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Adventures in Engineering

Honors Engineering students pursue challenging summer internships

Nearly half of all Ogden Honors College students are majoring in STEM (science, technology, engineering, or math) disciplines, and fully a quarter of our students are enrolled in LSU’s College of Engineering. But what happens when we unleash these budding engineers into the wider world at the end of the spring semester? We recently sat down with three Honors Engineering women to find out more about the wide variety of engineering work and internships they’re undertaking this summer. 

Kristen Barrettbarrett

Junior, Computer Science

Business Application Development Intern, International Paper, Memphis, TN 

Rising Ogden Honors and College of Engineering junior Kristen Barrett has spent her summer in Memphis, TN, where she’s been interning full-time at International Paper. It may sound counterintuitive for a computer science major with a software engineering concentration to be working at a paper company, but Barrett has spent the last two months building consumer-friendly business applications for the company. She’s been coding in ABAP (Advanced Business Application Programming), the programming language used to create apps in SAP, a German enterprise software platform. “This work gave me a taste of what a computer science career would be like, and what it’s like to program and develop software full-time,” Barrett said. “We dealt with a lot of client-side applications, and this spoke to my research at LSU— I’ve been researching software usability. It’s important to understand what consumers will find easy to use.”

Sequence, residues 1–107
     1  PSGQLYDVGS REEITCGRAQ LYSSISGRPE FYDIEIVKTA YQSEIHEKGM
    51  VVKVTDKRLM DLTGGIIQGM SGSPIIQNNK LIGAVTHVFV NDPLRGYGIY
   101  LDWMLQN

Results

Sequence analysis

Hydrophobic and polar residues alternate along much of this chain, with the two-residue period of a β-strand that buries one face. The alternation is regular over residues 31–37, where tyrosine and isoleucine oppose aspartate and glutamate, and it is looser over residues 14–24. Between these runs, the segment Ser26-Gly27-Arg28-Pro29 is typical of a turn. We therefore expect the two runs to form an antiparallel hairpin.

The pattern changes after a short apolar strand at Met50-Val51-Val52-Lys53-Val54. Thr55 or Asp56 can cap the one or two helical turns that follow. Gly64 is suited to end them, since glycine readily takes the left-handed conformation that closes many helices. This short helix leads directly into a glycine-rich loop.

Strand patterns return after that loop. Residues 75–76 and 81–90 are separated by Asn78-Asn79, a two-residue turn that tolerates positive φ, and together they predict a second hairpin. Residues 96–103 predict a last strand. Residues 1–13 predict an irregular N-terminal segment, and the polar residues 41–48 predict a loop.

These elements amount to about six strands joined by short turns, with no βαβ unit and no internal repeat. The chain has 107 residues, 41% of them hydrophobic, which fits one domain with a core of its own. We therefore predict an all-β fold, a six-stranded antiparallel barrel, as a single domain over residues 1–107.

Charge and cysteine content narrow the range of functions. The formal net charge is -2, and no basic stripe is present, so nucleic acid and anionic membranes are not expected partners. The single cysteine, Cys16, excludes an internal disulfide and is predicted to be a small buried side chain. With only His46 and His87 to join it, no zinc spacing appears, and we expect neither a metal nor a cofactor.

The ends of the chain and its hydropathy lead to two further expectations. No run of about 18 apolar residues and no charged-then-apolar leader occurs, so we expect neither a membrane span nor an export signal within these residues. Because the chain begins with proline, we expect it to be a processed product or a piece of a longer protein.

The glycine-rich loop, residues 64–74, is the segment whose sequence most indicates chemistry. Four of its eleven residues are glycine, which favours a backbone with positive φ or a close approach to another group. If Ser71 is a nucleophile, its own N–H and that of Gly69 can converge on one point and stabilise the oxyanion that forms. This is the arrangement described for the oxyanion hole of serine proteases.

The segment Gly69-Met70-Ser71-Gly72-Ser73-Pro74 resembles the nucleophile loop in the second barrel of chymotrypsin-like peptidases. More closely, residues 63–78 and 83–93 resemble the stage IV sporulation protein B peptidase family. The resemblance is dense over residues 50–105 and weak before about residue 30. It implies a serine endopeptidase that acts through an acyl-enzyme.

Barrett was originally connected to the internship through LSU alums currently working at International Paper, who came to campus to represent the company at a career fair last fall. She applied for the internship because, as she said, “I hoped to gain more experience and knowledge in computer science, and in business and networking skills, and I certainly did!” Barrett hopes to pursue a graduate degree in computer science after graduation. “Having a full-time job where I use the logical skills and the critical thinking skills that Honors classes have helped me to develop,” she said, “has allowed me to get a better sense of what I want from my future.”

 

Lexie Breauxlexie.breaux

Senior, Chemical Engineering

Intern at ProSys, Baton Rouge, LA

Lexie Breaux is about to be an Ogden Honors senior, and has wisely spent her summer break preparing for life after graduation from LSU next year. She’s been interning full-time at ProSys, a local engineering firm that specializes in process control software and consulting. “I work 40-hour weeks, which is pretty cool, considering that this is how life will be for me after I graduate next May!” Breaux said. She hopes to continue working with alarm management and controls in her future career, and noted that this internship allowed her to “experience the practical, ‘hands-on’ side of all the knowledge I’ve learned in my engineering classes.”